As a junior at Yale College I met with the dean responsible for pre-medical students to help me make my final decision about whether to attend medical school. “I am fascinated by science, love working with people, and interested in helping people become healthy, but I still am not sure about going to medical school.” The dean simply asked, “Do you want to be a doctor?” I said “yes” and she advised, “Then medical school is the best way to become a doctor.” Her simple and unerring logic compelled me to apply. However, I was so excited to be admitted that I never stopped to read the medical school brochure to find out exactly what I would be studying.
Off I went to the wonderfully intense experience of learning medicine and multiple approaches to treat sickness and alleviate suffering. I anticipated learning about exercise and nutrition. I knew that staying active was something that I personally did for enjoyment, but I received little to no formal education in physical activity. Nutrition seemed like something more important than memorizing the effects of various vitamin deficiencies, but I received limited formal training in helping patients, and even myself, in making better food choices. I did learn definitively that smoking was bad and that it was my responsibility to help my patients quit. The curriculum on stress was perhaps presented as an experiential lesson in how to maintain my health through the rigors of exam blocks and long hours on the wards.
Despite a thorough medical education, as I began practice I realized two things about that education: 1) there was a lack of training in the fundamental skills of providing preventive care, and 2) a lack of training in the broader application of healthcare to help my patients adopt and sustain better health behaviors. To best remedy the educational gap for me and other practicing physicians, I launched large scale continuing medical education programs in lifestyle medicine. However, the goal of changing medical school education to include lifestyle medicine was met with warnings from well-meaning colleagues. “Don’t you know that medical school curricula are carved in stone?” I replied, “Well then, let’s get some chisels.” And, let’s assemble a team of professionals with complementary skills and experience to reform medical education to include diet, exercise, behavior change, and self-care.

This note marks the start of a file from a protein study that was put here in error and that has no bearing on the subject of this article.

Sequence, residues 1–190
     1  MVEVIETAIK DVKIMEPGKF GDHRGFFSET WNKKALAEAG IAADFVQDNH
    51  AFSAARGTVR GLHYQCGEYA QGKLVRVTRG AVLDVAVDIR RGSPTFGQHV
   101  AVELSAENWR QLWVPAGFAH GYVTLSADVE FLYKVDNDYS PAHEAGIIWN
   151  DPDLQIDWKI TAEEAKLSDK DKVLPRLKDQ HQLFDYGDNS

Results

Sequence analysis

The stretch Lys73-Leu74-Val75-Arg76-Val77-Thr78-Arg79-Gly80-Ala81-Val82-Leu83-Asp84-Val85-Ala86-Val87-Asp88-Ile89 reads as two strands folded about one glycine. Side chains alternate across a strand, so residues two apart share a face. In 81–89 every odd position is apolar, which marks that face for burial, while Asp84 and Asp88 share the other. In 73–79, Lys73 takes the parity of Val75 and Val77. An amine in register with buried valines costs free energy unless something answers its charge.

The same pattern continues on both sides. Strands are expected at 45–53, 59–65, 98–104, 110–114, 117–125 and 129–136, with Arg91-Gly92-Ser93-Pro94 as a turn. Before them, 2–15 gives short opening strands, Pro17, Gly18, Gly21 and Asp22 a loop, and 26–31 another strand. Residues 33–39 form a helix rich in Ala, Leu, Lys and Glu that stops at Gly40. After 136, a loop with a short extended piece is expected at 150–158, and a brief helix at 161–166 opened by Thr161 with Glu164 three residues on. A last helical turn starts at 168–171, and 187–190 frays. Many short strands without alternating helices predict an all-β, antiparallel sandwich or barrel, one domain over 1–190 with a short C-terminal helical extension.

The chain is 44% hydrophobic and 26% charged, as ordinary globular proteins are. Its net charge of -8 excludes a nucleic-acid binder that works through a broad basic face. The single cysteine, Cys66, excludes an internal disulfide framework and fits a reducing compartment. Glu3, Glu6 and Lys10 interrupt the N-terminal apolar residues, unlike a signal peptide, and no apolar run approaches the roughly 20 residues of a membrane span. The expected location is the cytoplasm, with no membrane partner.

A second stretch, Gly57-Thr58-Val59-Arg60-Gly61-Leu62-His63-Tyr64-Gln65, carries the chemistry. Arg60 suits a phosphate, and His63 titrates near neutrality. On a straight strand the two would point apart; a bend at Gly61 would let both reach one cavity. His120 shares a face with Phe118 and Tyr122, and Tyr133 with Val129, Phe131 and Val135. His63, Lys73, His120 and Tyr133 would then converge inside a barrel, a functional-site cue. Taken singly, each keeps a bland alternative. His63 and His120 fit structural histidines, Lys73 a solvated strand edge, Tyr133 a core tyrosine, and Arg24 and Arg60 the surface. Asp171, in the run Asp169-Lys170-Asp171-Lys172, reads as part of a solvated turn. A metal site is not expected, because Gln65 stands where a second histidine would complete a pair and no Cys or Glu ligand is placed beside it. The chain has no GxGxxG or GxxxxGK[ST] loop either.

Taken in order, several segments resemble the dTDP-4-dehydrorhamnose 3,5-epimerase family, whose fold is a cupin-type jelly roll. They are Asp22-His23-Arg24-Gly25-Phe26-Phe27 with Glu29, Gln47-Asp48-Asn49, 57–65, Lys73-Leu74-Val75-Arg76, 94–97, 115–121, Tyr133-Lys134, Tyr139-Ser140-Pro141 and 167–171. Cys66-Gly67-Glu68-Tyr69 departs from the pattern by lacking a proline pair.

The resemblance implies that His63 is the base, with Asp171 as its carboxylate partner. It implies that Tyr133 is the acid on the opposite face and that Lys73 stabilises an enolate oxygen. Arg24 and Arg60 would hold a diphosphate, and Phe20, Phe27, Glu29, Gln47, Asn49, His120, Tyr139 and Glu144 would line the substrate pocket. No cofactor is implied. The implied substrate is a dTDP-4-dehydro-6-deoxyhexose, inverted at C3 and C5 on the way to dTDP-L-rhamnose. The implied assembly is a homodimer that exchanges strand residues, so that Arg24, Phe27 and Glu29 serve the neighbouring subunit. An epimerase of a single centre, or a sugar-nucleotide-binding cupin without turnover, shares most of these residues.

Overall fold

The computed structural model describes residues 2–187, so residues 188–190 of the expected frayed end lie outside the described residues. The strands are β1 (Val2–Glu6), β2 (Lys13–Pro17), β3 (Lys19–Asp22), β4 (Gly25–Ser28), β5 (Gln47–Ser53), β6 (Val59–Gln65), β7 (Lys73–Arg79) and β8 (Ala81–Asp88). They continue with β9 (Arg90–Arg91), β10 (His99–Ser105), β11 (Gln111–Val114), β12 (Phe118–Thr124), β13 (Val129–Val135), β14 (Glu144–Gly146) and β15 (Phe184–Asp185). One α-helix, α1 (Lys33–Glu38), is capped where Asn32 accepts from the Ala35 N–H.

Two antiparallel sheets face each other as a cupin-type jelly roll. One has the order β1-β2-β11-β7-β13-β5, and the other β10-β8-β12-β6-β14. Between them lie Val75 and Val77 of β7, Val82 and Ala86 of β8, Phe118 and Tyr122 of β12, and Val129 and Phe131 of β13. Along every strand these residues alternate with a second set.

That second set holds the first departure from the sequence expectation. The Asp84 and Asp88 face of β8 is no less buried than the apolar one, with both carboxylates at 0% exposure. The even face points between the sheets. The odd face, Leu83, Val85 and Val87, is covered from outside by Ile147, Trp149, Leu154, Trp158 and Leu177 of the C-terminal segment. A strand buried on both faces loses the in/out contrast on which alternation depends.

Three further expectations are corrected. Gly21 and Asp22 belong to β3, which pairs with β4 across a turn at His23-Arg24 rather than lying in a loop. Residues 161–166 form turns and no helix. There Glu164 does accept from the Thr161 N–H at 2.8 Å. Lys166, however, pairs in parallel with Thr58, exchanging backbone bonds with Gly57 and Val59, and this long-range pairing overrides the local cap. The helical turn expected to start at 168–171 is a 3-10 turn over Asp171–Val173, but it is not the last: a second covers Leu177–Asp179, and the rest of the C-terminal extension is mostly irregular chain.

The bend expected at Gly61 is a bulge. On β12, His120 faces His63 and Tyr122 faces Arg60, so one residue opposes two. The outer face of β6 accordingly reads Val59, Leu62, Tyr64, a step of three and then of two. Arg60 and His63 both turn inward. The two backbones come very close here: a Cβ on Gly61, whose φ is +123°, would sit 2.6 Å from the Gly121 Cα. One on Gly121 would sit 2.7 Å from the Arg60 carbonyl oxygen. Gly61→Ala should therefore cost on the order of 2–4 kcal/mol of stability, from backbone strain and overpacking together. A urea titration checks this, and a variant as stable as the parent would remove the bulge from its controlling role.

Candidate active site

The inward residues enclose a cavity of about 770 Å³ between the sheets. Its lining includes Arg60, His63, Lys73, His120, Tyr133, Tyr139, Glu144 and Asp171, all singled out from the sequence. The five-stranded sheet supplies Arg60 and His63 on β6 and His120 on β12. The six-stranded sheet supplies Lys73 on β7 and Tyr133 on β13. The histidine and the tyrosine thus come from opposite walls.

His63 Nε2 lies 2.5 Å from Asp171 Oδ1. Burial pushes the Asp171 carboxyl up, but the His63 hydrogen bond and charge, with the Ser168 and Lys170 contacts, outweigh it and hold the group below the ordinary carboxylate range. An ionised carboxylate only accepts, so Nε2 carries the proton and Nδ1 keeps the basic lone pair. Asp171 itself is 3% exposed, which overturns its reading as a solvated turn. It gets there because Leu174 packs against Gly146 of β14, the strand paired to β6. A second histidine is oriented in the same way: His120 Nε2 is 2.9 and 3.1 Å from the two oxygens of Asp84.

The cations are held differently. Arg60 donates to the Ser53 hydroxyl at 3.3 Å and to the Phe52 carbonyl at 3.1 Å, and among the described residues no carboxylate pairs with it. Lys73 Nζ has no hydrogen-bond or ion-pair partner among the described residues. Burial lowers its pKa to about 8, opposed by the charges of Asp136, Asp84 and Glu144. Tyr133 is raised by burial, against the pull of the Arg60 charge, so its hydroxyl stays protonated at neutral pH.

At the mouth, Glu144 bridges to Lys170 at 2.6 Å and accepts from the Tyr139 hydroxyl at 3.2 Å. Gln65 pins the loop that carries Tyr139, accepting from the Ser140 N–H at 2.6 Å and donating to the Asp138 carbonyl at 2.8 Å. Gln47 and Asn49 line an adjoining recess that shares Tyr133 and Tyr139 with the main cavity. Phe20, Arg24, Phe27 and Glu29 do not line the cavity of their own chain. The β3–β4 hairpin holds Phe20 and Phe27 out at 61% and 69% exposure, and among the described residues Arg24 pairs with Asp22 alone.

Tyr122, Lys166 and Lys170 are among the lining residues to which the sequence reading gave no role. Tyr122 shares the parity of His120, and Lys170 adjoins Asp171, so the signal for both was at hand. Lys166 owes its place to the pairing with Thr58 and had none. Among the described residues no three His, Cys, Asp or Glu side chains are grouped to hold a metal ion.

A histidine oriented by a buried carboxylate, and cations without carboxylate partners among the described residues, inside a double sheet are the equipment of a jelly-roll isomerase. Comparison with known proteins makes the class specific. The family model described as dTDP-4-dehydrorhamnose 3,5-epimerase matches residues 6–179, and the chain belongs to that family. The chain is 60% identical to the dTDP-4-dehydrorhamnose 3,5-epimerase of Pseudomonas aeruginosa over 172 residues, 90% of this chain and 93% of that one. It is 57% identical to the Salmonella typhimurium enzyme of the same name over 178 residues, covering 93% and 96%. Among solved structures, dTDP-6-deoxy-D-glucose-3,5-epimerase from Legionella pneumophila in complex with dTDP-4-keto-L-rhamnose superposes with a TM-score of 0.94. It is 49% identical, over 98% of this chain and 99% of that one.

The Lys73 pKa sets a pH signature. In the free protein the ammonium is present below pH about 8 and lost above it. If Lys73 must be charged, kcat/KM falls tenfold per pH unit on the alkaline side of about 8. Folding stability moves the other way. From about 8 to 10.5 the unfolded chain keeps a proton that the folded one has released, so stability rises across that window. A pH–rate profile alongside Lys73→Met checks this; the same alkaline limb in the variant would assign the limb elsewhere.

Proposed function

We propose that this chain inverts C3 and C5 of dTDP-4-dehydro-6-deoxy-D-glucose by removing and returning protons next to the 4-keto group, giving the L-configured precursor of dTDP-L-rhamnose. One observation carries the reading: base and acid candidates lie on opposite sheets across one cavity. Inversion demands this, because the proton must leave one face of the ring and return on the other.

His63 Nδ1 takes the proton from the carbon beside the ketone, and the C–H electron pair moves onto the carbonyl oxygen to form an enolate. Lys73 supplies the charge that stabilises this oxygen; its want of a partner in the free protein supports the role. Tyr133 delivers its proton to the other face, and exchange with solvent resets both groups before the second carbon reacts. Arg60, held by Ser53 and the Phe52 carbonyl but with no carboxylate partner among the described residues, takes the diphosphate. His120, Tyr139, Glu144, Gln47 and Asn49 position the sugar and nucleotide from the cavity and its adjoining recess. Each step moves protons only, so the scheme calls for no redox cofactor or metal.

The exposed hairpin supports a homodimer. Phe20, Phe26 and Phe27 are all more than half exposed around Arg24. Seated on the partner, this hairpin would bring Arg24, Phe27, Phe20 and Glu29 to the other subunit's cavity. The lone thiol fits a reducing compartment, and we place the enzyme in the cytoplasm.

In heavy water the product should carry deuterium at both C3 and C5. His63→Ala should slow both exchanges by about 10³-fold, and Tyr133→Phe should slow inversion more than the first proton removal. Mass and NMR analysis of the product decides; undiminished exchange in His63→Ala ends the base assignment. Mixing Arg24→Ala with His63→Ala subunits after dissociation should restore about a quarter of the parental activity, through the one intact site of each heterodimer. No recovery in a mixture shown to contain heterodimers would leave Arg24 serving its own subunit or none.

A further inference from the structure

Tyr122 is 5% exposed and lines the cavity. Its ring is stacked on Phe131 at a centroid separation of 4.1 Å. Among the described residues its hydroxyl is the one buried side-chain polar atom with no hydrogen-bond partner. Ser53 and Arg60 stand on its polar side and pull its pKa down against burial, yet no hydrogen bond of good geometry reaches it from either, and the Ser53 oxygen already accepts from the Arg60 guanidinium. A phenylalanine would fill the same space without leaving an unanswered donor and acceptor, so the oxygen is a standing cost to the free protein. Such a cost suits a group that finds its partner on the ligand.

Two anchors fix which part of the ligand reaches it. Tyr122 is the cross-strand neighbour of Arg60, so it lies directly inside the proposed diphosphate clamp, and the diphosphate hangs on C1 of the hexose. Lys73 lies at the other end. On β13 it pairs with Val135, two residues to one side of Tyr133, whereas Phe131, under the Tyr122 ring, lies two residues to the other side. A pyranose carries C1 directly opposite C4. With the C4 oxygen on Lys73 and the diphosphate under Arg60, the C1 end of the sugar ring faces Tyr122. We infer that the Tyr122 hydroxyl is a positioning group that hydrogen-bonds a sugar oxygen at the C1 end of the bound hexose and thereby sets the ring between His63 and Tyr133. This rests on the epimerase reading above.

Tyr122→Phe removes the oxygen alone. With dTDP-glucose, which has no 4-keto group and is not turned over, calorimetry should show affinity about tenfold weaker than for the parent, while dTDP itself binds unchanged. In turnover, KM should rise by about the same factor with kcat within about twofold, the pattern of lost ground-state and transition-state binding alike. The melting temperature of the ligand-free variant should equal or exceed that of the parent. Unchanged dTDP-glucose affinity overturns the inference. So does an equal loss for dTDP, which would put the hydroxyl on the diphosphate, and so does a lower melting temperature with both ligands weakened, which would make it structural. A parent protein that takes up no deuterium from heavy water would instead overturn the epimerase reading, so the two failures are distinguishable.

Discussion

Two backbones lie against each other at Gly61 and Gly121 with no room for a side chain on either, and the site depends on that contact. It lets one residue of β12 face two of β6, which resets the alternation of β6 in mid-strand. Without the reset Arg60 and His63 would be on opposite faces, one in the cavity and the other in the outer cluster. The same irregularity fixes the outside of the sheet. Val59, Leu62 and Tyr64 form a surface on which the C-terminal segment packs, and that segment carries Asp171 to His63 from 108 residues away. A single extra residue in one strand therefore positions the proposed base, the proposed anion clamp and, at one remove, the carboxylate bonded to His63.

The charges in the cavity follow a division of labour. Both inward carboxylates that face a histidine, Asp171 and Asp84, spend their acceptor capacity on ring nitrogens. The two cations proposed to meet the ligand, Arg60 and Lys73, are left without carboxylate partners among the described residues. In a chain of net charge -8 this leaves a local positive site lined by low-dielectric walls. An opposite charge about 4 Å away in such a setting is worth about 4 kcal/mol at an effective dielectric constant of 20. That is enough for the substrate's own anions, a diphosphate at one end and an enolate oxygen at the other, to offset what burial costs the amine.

Welcome to the Lifestyle Medicine Education Collaborative (LMEd) a national advocacy that provides the essential tools, resources, mentorship, and a supporting community to help evolve medical school education. The LMEd was founded in 2013 by yours truly and Jennifer Trilk, PhD, the first fulltime exercise physiologist in a newly forming U.S. medical school in Greenville, South Carolina. Indeed, rather than working to integrate lifestyle medicine into an existing curriculum, Jennifer integrated exercise and nutrition into the new curriculum. Our third co-director, Dennis Muscato, is a business veteran who understands corporate culture and has vast experience in working in this area. Dennis, in his position with Western University, College of Osteopathic Medicine, provides guidance regarding the strategic alliances supporting his school’s integration of lifestyle medicine. In future issues of this newsletter, Jennifer and Dennis will share their stories and introduction to LMEd.
Together our efforts focus on strategies to promote the adoption of lifestyle medicine through working with deans, supporting medical students, cataloging and providing curricular materials, using testing to increase focus on lifestyle medicine, and instituting supportive policies. Medical educators, deans, and students are uniting to fulfill LMEd’s mission in dozens of medical schools across the country. Our work needs you to take the next step in your medical school. We are here to help and support. Together we can move toward a system that trains physicians who can optimally care for their patient’s, and their own, health. Together we can best assure that medical students learn, and are not missing, the essential elements of nutrition, exercise, and lifestyle medicine.